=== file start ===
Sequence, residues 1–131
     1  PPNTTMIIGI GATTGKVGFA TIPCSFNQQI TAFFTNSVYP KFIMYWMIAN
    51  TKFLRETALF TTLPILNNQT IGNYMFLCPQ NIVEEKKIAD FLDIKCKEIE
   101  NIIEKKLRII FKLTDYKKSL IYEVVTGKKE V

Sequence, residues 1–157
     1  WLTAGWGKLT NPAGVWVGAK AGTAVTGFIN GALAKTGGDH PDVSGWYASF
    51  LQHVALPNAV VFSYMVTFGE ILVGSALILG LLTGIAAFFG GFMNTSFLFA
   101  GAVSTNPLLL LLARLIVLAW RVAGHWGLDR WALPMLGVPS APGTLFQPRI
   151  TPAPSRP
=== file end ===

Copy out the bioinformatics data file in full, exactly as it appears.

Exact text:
Sequence, residues 1–131
     1  PPNTTMIIGI GATTGKVGFA TIPCSFNQQI TAFFTNSVYP KFIMYWMIAN
    51  TKFLRETALF TTLPILNNQT IGNYMFLCPQ NIVEEKKIAD FLDIKCKEIE
   101  NIIEKKLRII FKLTDYKKSL IYEVVTGKKE V

Sequence, residues 1–157
     1  WLTAGWGKLT NPAGVWVGAK AGTAVTGFIN GALAKTGGDH PDVSGWYASF
    51  LQHVALPNAV VFSYMVTFGE ILVGSALILG LLTGIAAFFG GFMNTSFLFA
   101  GAVSTNPLLL LLARLIVLAW RVAGHWGLDR WALPMLGVPS APGTLFQPRI
   151  TPAPSRP